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ON FAITH & MEDIA View Comments

Snitch

By
John Mulderig
Source: Catholic News Service


Dwayne Johnson and Melina Kanakaredes star in a scene from the movie "Snitch."
How should society balance the government's need to combat drug use—and its attendant evils—against the right of a citizen to be judged and punished according to the individual circumstances of his or her case?

If the fact-based film "Snitch" (Summit) is any evidence, the current use of mandatory sentences as a weapon in narcotics cases has those two competing interests thoroughly off-kilter.

Director and co-writer (with Justin Haythe) Ric Roman Waugh invites us to sympathize with the fate of naive suburban teen Jason Collins (Rafi Gavron). After he foolishly agrees to accept delivery of a shipment of illegal pills on behalf of a friend, Jason is promptly busted and faces a compulsory 10 years behind bars.

The only path to a lesser doom is to testify successfully against others, something Jason's so-called pal is already doing to him. But, since Jason has no real involvement in the world of drugs, he can only obtain mercy by entrapping people. Despite encouragement from his lawyer to pursue this option, with admirable fortitude, Jason refuses.

Jason's divorced and estranged father, John (Dwayne Johnson), however, is not ready to give in so easily. Guilt-ridden over his neglect of the lad, John struggles to come up with a solution to Jason's dilemma.

John's persistence eventually convinces Joanne Keeghan (Susan Sarandon), the federal attorney prosecuting Jason's case, to make a deal with him: If John can infiltrate a local narcotics cartel and garner sufficient evidence to convict its boss, a petty hood named Malik (Michael K. Williams), she'll reduce Jason's time.

John has already been given an introduction to Malik by one of the employees of his successful trucking business, ex-con Daniel James (Jon Bernthal).

Daniel's situation is almost as poignant as Jason's: Despite his past, he's a dedicated husband and father determined to make a fresh start through honest work. But, with Jason's prospects worsening rapidly—he's repeatedly beaten by his tougher fellow inmates—John successfully wears Daniel down, convincing him to revisit his former life long enough to make the connection with Malik.

John then uses his fleet of vehicles as a lure, pointing out to Malik the advantages they would offer in transporting large cargoes of illicit goods.

Waugh enhances the action that follows with continued human drama and social commentary. The latter element gives rise to some clunky dialogue, especially from Joanne. Yet the overall result is both suspenseful and morally rich.

The damaging effects of divorce, the ethical and physical courage displayed, respectively, by Jason and John, the moving spirit of reconciliation and mutual forgiveness between father and son—all add heft to what might otherwise have been an easily dismissed series of shootouts and car chases.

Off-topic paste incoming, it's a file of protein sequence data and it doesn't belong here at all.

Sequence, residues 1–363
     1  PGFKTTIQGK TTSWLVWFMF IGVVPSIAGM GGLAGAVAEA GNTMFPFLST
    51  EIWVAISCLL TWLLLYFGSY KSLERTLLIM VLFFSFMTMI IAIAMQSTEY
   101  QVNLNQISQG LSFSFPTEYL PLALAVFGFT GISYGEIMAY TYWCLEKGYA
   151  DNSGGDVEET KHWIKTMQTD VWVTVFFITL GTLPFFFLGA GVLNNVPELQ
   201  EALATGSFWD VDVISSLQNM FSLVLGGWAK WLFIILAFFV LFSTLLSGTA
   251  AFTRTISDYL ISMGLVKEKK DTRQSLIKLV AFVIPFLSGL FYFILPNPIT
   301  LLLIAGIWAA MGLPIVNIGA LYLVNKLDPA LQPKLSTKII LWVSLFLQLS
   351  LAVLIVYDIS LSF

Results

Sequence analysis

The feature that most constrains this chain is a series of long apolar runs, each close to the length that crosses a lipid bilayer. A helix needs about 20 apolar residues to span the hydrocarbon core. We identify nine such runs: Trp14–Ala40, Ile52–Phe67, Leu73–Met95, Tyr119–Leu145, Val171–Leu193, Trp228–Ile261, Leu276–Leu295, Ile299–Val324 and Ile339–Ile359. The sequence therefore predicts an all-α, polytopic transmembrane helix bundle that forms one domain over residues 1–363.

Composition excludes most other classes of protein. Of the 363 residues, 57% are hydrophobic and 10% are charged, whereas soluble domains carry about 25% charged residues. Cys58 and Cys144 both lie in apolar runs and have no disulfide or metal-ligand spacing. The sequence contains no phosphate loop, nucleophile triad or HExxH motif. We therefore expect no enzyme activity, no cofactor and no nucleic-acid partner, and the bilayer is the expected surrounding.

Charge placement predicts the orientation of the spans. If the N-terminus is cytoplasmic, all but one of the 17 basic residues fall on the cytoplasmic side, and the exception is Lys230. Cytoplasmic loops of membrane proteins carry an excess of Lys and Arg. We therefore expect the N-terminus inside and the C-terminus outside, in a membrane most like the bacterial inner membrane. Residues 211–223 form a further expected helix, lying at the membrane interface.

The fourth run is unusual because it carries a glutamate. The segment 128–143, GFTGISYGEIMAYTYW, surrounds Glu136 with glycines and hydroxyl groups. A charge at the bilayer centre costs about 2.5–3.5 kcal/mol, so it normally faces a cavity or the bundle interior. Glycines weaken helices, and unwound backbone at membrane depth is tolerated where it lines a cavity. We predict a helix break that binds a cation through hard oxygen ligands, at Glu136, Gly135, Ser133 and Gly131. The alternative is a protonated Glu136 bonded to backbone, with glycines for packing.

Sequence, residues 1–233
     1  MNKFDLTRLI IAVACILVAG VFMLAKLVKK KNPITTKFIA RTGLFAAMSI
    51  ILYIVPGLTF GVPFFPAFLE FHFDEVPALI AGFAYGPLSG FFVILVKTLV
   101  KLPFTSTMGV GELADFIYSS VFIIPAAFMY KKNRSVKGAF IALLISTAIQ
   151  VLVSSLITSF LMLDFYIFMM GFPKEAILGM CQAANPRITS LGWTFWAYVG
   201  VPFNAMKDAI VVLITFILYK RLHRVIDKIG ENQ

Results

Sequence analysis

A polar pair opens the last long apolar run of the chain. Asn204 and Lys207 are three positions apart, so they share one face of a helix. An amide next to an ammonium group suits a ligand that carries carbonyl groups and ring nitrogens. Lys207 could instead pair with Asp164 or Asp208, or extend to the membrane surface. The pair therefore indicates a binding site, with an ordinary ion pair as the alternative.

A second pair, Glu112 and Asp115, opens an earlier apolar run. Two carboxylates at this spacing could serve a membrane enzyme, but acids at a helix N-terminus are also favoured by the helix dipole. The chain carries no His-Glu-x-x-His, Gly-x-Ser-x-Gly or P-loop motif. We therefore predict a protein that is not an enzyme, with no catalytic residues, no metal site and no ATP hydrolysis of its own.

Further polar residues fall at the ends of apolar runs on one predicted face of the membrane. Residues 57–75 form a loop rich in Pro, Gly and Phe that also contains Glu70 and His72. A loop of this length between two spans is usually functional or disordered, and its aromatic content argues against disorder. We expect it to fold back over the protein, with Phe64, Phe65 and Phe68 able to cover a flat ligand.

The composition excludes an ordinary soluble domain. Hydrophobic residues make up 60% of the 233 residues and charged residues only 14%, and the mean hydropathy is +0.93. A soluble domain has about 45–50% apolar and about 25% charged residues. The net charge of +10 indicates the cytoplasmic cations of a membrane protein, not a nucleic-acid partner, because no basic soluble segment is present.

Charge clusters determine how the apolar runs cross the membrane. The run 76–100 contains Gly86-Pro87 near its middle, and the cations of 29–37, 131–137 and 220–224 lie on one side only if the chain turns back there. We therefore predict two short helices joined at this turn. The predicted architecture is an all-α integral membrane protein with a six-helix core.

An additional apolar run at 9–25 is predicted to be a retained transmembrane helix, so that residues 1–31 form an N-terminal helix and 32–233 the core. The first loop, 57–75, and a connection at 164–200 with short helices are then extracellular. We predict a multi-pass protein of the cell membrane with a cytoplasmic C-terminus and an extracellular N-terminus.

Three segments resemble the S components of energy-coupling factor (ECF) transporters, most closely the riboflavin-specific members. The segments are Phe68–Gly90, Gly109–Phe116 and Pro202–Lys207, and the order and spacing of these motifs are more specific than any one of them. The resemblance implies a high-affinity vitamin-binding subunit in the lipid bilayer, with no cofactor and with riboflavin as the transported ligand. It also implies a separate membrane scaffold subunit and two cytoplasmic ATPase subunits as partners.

The film contains much stylized and some graphic violence, including gunplay and a beating, mature themes, about a half-dozen uses of profanity and considerable crude and crass language. The Catholic News Service classification is A-III—adults. The Motion Picture Association of America rating is PG-13—parents strongly cautioned. Some material may be inappropriate for children under 13.

*****
John Mulderig is on the staff of Catholic News Service.



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David of Wales: David is the patron saint of Wales and perhaps the most famous of British saints. Ironically, we have little reliable information about him. 
<p>It is known that he became a priest, engaged in missionary work and founded many monasteries, including his principal abbey in southwestern Wales. Many stories and legends sprang up about David and his Welsh monks. Their austerity was extreme. They worked in silence without the help of animals to till the soil. Their food was limited to bread, vegetables and water. </p><p>In about the year 550, David attended a synod where his eloquence impressed his fellow monks to such a degree that he was elected primate of the region. The episcopal see was moved to Mynyw, where he had his monastery (now called St. David's). He ruled his diocese until he had reached a very old age. His last words to his monks and subjects were: "Be joyful, brothers and sisters. Keep your faith, and do the little things that you have seen and heard with me." </p><p>St. David is pictured standing on a mound with a dove on his shoulder. The legend is that once while he was preaching a dove descended to his shoulder and the earth rose to lift him high above the people so that he could be heard. Over 50 churches in South Wales were dedicated to him in pre-Reformation days.</p> American Catholic Blog When we recognize the wounded Jesus in ourselves, we are quite likely to go out of our hearts and minds to recognize Him in those around us. And, as we tend our own selves, we are moved to tend others as we can, whether through action or prayer. Our lives can truly echo the caring words and provide the caring touch of Christ.


 
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